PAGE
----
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News from the Director

FDAP Assistance
March 31, 2003

We at FDAP have been pleased (and proud) about the quality of the assistance we provide to the panel. However, we must make some changes in terms of the amount of time we can devote to assistance. There are some general constraints on the projects concerning the amount of assistance time available, and we must operate within those constraints. This is a tricky item to discuss, because, simultaneously, we want to encourage assistance when it is needed but discourage an excessive amount given the constraints upon us. We definitely do not want to undo the partnership we have provided both in assisted appeals and also in independent cases where the panel attorney has had questions or problems. Yet, we must reduce, to a degree, the amount of assistance we have been providing.

As a few general guides:

Independent cases. In an independent case, it is generally expected that you will do the case entirely on your own. Consultation with FDAP should only be about truly crucial matters concerning issues or procedural problems where you feel you need input. When you do consult, please keep the discussion short and to the point; the FDAP buddy will be able to discuss the matter with you, but generally will not be able to undertake research. There have been some cases where the panel attorney has consulted with FDAP frequently during the case, just to be reassured that he/she has not missed something. Such consultation is really inappropriate in an independent case, and we simply do not have time to provide that kind of assistance.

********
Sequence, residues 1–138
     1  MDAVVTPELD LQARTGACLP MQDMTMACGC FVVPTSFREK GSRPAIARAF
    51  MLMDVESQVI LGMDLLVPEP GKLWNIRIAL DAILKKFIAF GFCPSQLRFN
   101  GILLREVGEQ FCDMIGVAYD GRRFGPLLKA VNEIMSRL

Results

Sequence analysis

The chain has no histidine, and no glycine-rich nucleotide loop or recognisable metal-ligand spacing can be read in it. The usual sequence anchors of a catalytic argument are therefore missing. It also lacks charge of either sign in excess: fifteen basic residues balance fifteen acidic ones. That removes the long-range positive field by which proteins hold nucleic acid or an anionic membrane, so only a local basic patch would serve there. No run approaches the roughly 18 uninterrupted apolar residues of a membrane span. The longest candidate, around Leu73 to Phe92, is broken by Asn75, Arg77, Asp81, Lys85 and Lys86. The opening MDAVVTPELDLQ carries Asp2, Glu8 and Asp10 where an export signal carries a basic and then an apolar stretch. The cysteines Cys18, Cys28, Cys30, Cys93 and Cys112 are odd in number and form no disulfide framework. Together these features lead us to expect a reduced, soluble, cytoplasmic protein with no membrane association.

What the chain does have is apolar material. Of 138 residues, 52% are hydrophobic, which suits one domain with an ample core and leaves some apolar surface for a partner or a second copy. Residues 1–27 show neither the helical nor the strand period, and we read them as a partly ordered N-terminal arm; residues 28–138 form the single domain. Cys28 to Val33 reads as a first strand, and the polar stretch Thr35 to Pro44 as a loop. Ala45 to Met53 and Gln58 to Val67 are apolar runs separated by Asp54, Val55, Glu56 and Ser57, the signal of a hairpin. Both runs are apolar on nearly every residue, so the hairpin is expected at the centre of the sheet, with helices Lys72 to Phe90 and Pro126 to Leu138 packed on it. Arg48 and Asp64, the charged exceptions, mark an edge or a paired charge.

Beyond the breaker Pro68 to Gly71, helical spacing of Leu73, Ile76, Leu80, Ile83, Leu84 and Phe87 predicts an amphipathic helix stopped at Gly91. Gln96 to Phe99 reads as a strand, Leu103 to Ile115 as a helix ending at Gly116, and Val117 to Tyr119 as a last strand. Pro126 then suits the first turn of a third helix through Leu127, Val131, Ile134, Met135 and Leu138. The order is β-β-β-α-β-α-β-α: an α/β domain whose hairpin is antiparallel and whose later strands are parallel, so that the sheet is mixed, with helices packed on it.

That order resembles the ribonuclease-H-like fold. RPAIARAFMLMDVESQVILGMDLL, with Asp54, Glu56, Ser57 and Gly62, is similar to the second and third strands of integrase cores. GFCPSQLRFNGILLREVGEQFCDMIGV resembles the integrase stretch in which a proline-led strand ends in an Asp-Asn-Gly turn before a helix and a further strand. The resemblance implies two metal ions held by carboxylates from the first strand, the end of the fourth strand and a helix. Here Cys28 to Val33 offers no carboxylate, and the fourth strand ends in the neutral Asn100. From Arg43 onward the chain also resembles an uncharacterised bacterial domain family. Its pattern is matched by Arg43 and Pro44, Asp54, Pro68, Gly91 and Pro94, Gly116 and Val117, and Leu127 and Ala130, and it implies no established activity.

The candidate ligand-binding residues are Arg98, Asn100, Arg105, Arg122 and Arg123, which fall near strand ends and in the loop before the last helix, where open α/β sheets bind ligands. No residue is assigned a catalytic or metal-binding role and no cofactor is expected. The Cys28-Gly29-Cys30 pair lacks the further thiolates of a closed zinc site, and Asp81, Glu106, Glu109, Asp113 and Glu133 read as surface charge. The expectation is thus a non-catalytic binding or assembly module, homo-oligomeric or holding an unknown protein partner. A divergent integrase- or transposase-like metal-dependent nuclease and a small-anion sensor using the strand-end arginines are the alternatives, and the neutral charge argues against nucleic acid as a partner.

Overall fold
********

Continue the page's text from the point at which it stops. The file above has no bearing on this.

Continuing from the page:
Assisted cases. In a fully assisted case, we will be providing the same kind of assistance as we have in the past. However, we will also be using more "modified" assisted cases as well. In some of these cases we are confident of your issue-spotting abilities and we therefore will confine our main assistance to reviewing a draft of your AOB before it is filed. Conversely, in other modified cases we may provide an initial memo on issues but not review a draft of the AOB before it is filed. When you receive one of these appointments your FDAP buddy will explain what is expected of you. These modified assisted cases are a means by which we can tailor and narrow our assistance to the areas most needed.

Again, I want to emphasize that we are trying to draw a fine line between enough assistance and too much, and at times such a line will naturally be difficult to follow. Nonetheless, I am confident that FDAP can and will continue to provide you with sufficient assistance and support so that the clients remain well-served. The panel-project combination has been highly successful in ensuring that indigent appellants receive quality representation on appeal, and we will continue to work strenuously to maintain that ideal.

 

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